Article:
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Data Hiding Watermarking and Steganography. Outline Introduction to Data Hiding Watermarking –Definition and History –Applications –Basic Principles –Requirements

Dec 24, 2015

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  • Slide 1
  • Data Hiding Watermarking and Steganography
  • Slide 2
  • Outline Introduction to Data Hiding Watermarking Definition and History Applications Basic Principles Requirements Attacks Evaluation and Benchmarking Examples Steganography Definition and History Applications Basic Principles Examples of Techniques Demos
  • Slide 3
  • Data Hiding Information Hiding is a general term encompassing many sub- disciplines Two important sub-disciplines are: Steganography and Watermarking Steganography: Hiding: keeping the existence of the information secret Watermarking Hiding: making the information imperceptible Information hiding is different than cryptography (cryptography is about protecting the content of messages) Secret message Embedding algorithm Carrier document Transmission via network Detector Secret message Key
  • Slide 4
  • The Need for Data Hiding Covert communication using images (secret message is hidden in a carrier image) Ownership of digital images, authentication, copyright Data integrity, fraud detection, self-correcting images Traitor-tracing (fingerprinting video-tapes) Adding captions to images, additional information, such as subtitles, to video, embedding subtitles or audio tracks to video (video-in-video) Intelligent browsers, automatic copyright information, viewing a movie in a given rated version Copy control (secondary protection for DVD)
  • Slide 5
  • Issues in Data Hiding Perceptibility: does embedding information distort cover medium to a visually unacceptable level (subjective) Capacity: how much information can be hidden relative to its perceptibility (information theory) Robustness to attacks: can embedded data survive manipulation of the stego medium in an effort to destroy, remove, or change the embedded data Trade-offs between the three: More robust => lower capacity Lower perceptibility => lower capacityetc.
  • Slide 6
  • Covert communication Copyright protection of images (authentication) Fingerprinting (traitor-tracing) Adding captions to images, additional information, such as subtitles, to videos Image integrity protection (fraud detection) Copy control in DVD Intelligent browsers, automatic copyright information, viewing movies in given rated version Requirements LowHigh capacity robustness invisibility security embedding complexity detection complexity Requirements Application
  • Slide 7
  • Security Robustness Capacity The Magic Triangle There is a trade-off between capacity, invisibility, and robustness Secure steganographic techniques Digital watermarking Complexity of embedding / extraction Undetectability Additional factors: Nave steganography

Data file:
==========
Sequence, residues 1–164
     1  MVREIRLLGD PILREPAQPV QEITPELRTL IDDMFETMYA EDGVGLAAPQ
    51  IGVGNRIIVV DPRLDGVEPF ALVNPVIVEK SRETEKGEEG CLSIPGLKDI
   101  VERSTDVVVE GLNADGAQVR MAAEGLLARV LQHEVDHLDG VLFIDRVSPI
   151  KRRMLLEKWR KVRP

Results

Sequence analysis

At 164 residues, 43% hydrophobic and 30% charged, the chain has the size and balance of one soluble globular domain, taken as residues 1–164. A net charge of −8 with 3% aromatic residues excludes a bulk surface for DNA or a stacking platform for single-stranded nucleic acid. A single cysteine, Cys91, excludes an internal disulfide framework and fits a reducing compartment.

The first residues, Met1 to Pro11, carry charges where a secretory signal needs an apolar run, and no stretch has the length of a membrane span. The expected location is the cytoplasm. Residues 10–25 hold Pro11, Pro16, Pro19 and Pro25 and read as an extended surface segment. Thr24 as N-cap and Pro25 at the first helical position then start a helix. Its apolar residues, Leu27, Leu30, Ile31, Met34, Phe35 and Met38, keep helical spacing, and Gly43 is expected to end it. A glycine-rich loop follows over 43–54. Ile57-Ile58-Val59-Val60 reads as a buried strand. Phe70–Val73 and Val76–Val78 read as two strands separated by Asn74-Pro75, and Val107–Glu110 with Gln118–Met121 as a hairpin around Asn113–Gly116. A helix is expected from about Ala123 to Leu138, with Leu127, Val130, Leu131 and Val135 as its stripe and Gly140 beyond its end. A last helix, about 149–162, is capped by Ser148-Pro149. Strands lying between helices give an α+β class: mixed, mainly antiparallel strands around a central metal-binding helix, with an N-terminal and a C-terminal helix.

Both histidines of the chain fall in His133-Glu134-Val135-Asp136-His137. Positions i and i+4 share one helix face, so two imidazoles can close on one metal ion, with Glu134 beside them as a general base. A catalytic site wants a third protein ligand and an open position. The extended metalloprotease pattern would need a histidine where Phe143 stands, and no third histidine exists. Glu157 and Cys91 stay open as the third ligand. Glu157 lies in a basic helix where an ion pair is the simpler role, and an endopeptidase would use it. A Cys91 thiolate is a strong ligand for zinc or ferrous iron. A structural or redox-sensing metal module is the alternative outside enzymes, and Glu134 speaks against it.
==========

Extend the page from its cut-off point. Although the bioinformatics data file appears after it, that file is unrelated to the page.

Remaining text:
• Slide 8
  • make data hiding possible 2 gray levels 5 gray levels 31 gray levels Original + + + = = = and Information-theoretic Removed by lossless compression Perceptual Removed by lossy compression
  • Slide 9
  • Watermarking Intent: data embedding conveys some information about the cover medium such as owner, copyright, or other information Watermark can be considered to be an extended attribute of the data Robustness of watermark is a main issue Know watermark may be there Can be visible or invisible
  • Slide 10
  • Steganography Intent: transmit secret message hidden in innocuous-looking cover medium so that its existence is undetectable Robustness not typically an issue Capacity desired for message is large Always invisible Typically dependent on file format
  • Slide 11
  • Watermarking
  • Slide 12
  • Watermarking:Definition Watermarking is the practice of imperceptibly altering a cover to embed a message about that cover Watermarking is closely related to steganography but, there are differences between the two In watermarking the message is related to the cover Steganography typically relates to covert point-to-point communication between two parties.Therefore, steganography requires only limited robustness Watermarking is often used whenever the cover is available to parties who know the existence of the hidden data and may have an interest in removing it Therefore, watermarking has the additional notion resilience against attempts to remove the hidden data Watermarks are inseparable from the cover in which they are embedded. Unlike cryptography, watermarks can protect content even after they are decoded.
  • Slide 13